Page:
The first of these was the American Assemblies of God Church which sent Abner
Chesnut as their first missionary to Korea in 1952. Chesnut's first contacts
were with the Chosun Pentecostal church which was still led by Sung San Park.
The official name of the work was the "Korea Mission of the Pentecostal Church."
As early as 1939, Mary Rumsey had applied to the American Assemblies of God to
serve as a missionary to Korea. During world War Two she was looked on as an
"unofficial representative" of the Assemblies of God. In 1953 the Korean
Assemblies of God were organized with the Subinggo church and its branches as
the nucleus of the new denomination. The next year, the Korean Assemblies of God
opened their first Korean Bible School which attracted young Korean preachers
for Bible studies. One of the first of these young students was Paul Yonggi Cho,
a capable and young aspiring pastor whose family had suffered severe privations
in the Korean War.
Cho, who was born a Buddhist, rejected his religion during the time he was dying from tuberculosis. Hoping to become a medical doctor if he ever recovered, he was suddenly converted when Jesus Christ appeared to him in the middle of the night, healed him, called him to preach and filled him with the Holy Ghost. After graduating from the Bible School, he planted the church for which he would later gain worldwide fame. What became the Yoido Full Gospel Church began in 1958 in a tent located in a poverty stricken slum area in the city of Seoul. In 1961 Cho gained valuable experience when he served as interpreter for Sam Todd, an American Pentecostal healing evangelist. The Todd meetings helped the new church to grow and introduced Cho to the prosperity teachings of such evangelists as Oral Roberts. (7)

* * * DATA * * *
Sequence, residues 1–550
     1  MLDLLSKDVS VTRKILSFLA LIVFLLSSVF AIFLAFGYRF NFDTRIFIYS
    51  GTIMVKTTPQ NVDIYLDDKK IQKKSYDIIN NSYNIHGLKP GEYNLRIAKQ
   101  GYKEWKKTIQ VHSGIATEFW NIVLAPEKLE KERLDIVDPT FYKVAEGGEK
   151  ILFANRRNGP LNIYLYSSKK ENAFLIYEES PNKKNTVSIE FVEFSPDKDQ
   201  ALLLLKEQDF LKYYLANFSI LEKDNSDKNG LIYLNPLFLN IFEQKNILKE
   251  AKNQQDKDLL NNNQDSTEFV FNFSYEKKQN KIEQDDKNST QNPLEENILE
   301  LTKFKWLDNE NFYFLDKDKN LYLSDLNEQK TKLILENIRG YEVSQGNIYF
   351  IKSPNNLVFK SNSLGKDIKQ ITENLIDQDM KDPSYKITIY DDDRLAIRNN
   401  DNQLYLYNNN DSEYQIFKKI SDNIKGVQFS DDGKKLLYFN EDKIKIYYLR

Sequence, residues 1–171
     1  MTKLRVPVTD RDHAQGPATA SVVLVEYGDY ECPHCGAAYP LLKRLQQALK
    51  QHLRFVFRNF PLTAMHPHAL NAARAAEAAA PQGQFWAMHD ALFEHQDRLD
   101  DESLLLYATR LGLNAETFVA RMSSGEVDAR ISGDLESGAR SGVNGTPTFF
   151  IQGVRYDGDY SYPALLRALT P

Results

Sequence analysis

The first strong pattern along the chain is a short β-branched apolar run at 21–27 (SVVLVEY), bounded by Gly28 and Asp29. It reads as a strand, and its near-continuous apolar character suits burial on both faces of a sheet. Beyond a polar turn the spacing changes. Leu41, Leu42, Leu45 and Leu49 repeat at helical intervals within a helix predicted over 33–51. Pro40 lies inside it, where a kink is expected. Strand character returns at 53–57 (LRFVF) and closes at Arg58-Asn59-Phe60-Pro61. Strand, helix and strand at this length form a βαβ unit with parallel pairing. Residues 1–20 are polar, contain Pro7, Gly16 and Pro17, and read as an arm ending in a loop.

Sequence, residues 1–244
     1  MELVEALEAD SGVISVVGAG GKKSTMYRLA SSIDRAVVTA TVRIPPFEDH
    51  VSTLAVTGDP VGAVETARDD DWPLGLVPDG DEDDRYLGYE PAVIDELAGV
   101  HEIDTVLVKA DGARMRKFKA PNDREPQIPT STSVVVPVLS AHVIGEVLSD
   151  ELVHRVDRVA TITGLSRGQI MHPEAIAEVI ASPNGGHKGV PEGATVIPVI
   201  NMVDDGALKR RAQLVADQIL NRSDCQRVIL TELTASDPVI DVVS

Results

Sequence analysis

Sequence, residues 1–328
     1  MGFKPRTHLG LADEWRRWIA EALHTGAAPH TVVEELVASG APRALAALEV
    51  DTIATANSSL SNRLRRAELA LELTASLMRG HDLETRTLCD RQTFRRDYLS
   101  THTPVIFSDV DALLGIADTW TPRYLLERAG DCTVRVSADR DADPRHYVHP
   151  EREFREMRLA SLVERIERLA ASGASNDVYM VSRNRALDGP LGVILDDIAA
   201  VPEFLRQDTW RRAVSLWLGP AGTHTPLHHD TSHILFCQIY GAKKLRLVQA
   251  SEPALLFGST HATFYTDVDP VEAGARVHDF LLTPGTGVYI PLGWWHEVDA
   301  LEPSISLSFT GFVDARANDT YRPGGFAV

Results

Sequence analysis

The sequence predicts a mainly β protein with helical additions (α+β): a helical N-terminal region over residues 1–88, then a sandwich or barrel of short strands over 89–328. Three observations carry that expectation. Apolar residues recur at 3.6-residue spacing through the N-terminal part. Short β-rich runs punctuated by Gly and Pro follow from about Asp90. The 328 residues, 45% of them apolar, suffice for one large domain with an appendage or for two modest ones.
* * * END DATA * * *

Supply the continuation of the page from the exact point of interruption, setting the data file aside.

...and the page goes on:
Despite many difficulties the church grew until in 1962 Cho built a "revival center" seating 1500 persons. He later changed the name to the "Yoido Full Gospel Central Church." Sensational cases of divine healing caused the church to reach 2000 members by 1964. The work load of building such a church put Cho under such stress that he began to organize "cells" where responsibility could be delegated to many co-workers. Most of the cell group leaders were women, a major breakthrough in Korean culture. The cell group movement developed in such huge proportions that by 1985 there were no less than 50,000 cells in the church. In addition to his duties as pastor of the exploding Yoido congregation, in 1966 Cho also became the General Superintendent of the Korean Assemblies of God Church. (8)